Brother and Sister to Raise $260,000
for Children’s Eye Care Project in
NEW YORK, NEW YORK, Oct. 9, 2007 – Nyan and Lehka Pendyala, ages 8 and 6, will launch a kid-inspired and kid-driven campaign on World Sight Day, Oct. 11th, to increase awareness of unnecessary childhood blindness. Their ultimate goal is to raise $260,000 for a specialized pediatric eye care unit and training center in
India, a project underway by ORBIS International, a nonprofit organization dedicated to saving sight worldwide. To make their target, the siblings are counting on other kids around the country to join their “Kids for Sight” campaign and come up with creative ways to help save the sight of children whose vision is threatened by treatable or preventable eye diseases.
"‘In Sanskirt, my name means ‘eyes’ and ‘vision.’ I want to help blind children see their family and friends,” said Nyan Pendyala. After he decided to forego gifts for his eighth birthday and request that donations go to ORBIS, his sister, Lehka, also stepped in to help. Her name means "line" and "writing" in Sanskrit. She noted, “If you can't see, you're going to have a hard time learning to read and write.”
Next generation of sight savers
Nyan and Lehka, both students at
Elementary School in Allison Park, Penn., a suburb of
Pittsburgh, will officially kick-off their “Kids for Sight” campaign in their respective classrooms on World Sight Day, which falls this year on Thursday, October 11th.
World Sight Day is a day set aside by the World Health Organization and member organizations of VISION 2020: The Right to Sight, a global initiative that calls attention to the plight of 28 million people around the world who are needlessly blind. Of particular concern are the 1.4 million blind children, three-quarters of whom live in the poorest regions of Africa and
Asia. The majority of the blind could have their vision restored, or blindness prevented altogether, if only they had access to appropriate eye care and timely medical interventions.
Though the campaign has not officially launched, Nyan and Lehka have already raised over $10,000 by sharing information and collecting donations online at their “Kids for Sight” webpage: www.orbis.org/KidsForSight.
Inspired by the Pendyala siblings, Luke and Emma Dias, ages 9 and 5, from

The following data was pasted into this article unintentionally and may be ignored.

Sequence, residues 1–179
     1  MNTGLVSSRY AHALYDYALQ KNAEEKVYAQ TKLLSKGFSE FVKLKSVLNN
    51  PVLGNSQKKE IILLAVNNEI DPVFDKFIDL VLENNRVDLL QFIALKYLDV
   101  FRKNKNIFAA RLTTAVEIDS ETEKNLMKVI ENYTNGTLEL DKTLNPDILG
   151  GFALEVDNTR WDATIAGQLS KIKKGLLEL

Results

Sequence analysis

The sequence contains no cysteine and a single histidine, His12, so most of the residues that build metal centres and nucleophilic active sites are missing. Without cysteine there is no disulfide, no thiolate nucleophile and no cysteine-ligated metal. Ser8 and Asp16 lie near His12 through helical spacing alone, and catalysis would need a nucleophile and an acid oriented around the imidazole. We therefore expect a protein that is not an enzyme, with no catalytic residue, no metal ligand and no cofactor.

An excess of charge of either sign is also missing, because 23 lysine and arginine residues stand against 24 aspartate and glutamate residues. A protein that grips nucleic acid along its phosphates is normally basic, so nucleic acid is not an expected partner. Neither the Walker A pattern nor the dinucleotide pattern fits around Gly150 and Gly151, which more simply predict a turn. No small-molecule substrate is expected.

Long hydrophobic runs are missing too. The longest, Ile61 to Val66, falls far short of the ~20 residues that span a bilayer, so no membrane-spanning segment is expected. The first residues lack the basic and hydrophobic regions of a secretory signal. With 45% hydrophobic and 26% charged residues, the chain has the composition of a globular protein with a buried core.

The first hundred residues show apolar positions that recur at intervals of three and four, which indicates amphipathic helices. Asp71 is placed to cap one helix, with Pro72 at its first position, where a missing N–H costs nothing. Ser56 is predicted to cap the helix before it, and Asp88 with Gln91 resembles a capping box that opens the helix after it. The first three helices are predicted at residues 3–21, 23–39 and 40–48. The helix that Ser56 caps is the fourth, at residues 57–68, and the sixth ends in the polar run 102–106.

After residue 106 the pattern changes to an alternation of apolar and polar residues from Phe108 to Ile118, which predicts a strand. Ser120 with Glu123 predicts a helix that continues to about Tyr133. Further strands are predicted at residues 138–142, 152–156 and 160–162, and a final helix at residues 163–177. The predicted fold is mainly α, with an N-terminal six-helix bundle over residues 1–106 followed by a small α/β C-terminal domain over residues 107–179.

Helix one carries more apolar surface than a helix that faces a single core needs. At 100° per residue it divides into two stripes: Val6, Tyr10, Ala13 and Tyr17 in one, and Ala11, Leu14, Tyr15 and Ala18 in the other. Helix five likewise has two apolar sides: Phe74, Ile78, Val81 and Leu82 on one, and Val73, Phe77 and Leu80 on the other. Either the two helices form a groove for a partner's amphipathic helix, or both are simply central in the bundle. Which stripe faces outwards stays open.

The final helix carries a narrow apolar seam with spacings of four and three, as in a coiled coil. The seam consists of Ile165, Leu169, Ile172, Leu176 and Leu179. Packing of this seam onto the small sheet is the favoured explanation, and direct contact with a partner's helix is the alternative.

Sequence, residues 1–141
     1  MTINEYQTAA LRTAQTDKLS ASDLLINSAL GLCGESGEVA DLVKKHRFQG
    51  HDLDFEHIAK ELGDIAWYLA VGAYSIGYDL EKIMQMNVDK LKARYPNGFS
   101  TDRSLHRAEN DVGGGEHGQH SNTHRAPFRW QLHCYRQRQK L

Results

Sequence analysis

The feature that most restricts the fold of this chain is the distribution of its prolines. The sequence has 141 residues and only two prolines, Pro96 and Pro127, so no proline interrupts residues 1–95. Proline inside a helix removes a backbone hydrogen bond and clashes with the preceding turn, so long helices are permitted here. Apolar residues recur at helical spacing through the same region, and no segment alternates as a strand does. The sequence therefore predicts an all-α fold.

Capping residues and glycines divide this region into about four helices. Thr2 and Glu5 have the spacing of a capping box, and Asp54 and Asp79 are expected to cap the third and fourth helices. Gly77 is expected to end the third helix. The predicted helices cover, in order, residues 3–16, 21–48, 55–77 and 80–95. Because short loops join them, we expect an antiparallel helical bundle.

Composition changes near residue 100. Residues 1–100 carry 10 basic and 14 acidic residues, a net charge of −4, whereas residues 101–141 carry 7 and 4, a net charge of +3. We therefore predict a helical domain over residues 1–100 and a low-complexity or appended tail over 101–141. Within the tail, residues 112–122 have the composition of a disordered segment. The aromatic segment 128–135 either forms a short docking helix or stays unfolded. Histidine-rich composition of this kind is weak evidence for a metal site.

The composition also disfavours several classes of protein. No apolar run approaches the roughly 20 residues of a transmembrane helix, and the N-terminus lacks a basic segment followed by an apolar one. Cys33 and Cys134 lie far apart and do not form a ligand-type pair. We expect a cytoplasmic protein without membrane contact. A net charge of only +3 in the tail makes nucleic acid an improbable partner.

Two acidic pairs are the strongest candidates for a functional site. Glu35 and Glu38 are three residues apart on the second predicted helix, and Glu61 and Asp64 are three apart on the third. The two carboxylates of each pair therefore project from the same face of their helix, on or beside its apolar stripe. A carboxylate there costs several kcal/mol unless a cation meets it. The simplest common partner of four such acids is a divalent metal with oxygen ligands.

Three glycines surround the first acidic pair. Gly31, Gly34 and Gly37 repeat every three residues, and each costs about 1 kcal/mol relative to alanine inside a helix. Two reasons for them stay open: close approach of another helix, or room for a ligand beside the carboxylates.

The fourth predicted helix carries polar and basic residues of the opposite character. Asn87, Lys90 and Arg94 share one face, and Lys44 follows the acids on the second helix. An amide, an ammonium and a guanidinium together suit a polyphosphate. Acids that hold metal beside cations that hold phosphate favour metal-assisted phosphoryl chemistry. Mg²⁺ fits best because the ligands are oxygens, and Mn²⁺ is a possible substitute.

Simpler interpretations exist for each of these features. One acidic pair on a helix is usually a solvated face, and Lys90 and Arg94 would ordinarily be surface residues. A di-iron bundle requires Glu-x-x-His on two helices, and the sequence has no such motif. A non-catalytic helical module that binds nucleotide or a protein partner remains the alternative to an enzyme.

Wis. are making coasters in support of the “Kids for Sight” campaign and selling them from a make-shift driveway stand. Watching the Dias kids, neighbor Jacob Thomack, age 5, jumped in to help. To date, the
Madison team has contributed $152 to the campaign with their sight set on donating more.
“The concept in the movie ‘Pay it Forward’ is happening before our very eyes,” said Nyan and Lehka’s father, Krishna Pendyala. “Once people got to know what they were doing, they started giving generously or began their own projects to help ORBIS save sight, even without Nyan and Lehka asking!”
Eye care for
The kids have selected an ORBIS pediatric eye care project in
India as the beneficiary of their fundraising efforts.
India, where the Pendyala family is from originally, is home to almost a fifth of the world’s blind children and suffers from a severe lack of eye care professionals trained to treat children.
ORBIS will use the $260,000 contribution to support the Pediatric Ophthalmology Learning and
Hospital in Chennai, where work is underway to train medical professionals in the early identification and treatment of pediatric eye diseases and to organize outreach camps in rural areas to screen children for low vision and other visual disorders. The funds will also help further research studies in the field of eye care and rehabilitation, especially as it relates to children, as well as support public awareness initiatives on the prevention of childhood blindness.
“What Nyan and Lehka are doing for ORBIS is magnificent,” said
Geoffrey Holland, executive director of ORBIS International. “At such a young age, their display of compassion is an inspiration to all of us. Their efforts will make it possible for so many children who are unnecessarily blind in
India to see their parents perhaps for the first time.”
Beginning today, Nyan and Lehka will help their teachers with classroom activities focused on eye health and blindness prevention. The siblings hope to teach their classmates how to protect their own eyesight, as well as explain ways they can help children living in poor countries far away gain access to quality eye care. To download the free educational resources produced by ORBIS and its global sponsor Alcon, visit http://www.eyecareeducation.com/.
To learn more about ORBIS, visit http://www.orbis.org/.
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